After the coffee. Before getting my cat to stop eating my Mac power cord.
The Skinny: I took a break from the Colts-Broncos game Sunday night when it looked like a blowout and found myself getting sucked into the
Daily Dose: After years of managing Aerosmith lead singer
"Gravity" slays "Carrie." Even scary "Carrie" couldn't knock "Gravity" down. The space drama easily took first place with $31 million. "Carrie" was supposed to also top the $30 million mark but couldn't even reach $20 million. Way to go, box office predictors! Also enduring a tough weekend was "Escape Plan," which made less than $10 million, and "The Fifth Estate," which didn't even crack $2 million. Box office recaps from the Los Angeles Times and Hollywood Reporter.
Sinclair's strategy. Most people outside of the TV industry have never heard of Sinclair Broadcast Group, but the Baltimore-based company is the biggest owner and operator of local television stations. Besides owning lots of stations, Sinclair also manages scores more through complex partnerships that media watchdogs say skirt the spirit of Federal Communications Commission regulations.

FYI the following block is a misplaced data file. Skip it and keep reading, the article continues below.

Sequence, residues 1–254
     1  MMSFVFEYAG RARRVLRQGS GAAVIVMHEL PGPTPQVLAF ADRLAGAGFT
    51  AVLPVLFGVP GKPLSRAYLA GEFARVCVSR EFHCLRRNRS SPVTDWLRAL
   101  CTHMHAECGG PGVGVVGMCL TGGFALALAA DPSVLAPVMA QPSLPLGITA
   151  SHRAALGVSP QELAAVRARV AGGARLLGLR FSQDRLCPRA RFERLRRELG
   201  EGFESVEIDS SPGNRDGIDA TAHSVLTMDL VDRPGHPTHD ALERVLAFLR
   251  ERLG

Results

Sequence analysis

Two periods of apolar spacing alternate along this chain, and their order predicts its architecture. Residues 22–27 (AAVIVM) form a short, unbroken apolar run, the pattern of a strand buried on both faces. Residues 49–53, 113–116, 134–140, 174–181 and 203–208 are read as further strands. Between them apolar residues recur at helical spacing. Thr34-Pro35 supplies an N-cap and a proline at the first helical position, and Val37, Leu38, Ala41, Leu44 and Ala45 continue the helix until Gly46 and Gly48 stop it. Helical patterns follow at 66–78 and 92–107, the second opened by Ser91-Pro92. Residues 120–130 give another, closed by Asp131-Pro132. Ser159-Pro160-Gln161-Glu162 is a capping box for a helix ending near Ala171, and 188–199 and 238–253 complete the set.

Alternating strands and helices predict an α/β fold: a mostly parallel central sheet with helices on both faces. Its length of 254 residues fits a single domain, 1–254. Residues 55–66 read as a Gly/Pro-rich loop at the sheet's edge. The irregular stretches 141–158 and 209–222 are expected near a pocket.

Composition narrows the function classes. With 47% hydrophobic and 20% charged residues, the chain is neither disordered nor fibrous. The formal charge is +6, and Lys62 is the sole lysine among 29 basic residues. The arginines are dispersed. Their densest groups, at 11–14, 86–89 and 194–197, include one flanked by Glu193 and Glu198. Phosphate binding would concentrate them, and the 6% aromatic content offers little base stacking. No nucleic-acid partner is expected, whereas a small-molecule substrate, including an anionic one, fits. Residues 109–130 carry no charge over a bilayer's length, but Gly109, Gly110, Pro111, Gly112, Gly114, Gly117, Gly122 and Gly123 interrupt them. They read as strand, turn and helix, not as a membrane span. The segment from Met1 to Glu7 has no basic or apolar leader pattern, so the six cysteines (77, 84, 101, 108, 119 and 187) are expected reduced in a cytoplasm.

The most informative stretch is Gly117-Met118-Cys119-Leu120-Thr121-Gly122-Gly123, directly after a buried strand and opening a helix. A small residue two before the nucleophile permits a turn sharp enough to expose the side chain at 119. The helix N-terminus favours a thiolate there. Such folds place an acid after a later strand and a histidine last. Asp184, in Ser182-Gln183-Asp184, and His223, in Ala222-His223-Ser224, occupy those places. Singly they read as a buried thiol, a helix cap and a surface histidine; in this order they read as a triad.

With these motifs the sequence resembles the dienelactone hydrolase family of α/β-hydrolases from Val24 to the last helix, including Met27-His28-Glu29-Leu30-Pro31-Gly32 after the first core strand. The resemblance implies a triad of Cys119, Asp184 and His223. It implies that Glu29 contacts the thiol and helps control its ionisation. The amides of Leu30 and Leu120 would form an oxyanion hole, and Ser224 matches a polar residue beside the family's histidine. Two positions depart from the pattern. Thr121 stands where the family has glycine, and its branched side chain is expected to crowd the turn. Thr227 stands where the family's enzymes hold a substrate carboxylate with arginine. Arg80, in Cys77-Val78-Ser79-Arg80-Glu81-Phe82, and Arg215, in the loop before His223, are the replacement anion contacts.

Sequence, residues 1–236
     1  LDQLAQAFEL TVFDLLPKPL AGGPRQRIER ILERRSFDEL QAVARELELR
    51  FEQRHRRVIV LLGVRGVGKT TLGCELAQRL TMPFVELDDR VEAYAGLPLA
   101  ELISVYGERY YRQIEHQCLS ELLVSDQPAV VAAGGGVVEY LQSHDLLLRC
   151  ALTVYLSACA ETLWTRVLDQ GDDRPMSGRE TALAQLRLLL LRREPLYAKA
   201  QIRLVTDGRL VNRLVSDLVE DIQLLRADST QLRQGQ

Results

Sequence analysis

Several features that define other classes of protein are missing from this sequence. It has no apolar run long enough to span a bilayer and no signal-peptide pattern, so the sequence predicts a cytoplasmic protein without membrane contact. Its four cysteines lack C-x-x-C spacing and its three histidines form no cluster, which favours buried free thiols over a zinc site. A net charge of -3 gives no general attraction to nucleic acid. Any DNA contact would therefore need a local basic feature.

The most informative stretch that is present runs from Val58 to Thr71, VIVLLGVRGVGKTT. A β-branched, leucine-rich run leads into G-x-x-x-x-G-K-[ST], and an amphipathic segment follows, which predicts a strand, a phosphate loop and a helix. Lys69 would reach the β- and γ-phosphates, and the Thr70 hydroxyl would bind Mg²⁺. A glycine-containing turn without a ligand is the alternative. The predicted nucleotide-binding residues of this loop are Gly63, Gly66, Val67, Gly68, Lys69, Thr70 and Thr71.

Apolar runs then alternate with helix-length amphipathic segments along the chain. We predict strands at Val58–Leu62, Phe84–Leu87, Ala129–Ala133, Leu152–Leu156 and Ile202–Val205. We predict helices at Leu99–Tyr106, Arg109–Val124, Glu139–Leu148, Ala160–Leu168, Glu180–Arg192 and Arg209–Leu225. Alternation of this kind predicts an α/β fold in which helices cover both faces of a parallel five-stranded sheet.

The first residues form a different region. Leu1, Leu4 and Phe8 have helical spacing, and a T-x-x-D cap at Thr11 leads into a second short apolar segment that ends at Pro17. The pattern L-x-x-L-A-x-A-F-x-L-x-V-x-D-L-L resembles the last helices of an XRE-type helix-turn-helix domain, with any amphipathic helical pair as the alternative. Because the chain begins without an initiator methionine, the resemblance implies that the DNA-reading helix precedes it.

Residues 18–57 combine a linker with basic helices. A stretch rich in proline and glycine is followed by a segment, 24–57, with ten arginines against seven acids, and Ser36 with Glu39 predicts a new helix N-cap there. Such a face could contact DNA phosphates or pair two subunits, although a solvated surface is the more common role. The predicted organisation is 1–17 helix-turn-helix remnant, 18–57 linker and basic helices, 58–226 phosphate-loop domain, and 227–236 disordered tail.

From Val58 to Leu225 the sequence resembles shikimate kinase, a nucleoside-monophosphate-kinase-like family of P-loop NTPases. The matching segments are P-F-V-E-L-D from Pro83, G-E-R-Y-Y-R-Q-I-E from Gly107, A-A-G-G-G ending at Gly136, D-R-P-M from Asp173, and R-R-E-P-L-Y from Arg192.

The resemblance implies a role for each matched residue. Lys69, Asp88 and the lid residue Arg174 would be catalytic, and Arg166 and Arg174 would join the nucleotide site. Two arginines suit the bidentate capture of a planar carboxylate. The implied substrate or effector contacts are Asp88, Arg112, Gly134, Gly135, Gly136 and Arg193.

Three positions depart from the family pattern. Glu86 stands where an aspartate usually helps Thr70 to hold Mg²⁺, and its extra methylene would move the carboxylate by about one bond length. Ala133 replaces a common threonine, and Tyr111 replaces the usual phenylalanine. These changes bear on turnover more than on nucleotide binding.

What costs what. When Variety landed Ad Age reporter Brian Steinberg, he also brought with him his annual survey of what commercials cost in prime time. While there are other surveys, Steinberg's is typically the most reliable of the bunch. This year's chart won't make broadcast network programming executives happy. The top three shows in terms of commercial prices are professional football and
Scary money. Blumhouse Productions seems to have found the right formula to make horror pay big time.
Not done yet. Last week,
Inside the Los Angeles Times:
on how director Steve McQueen spared no detail for his gripping new movie "12 Years a Slave."
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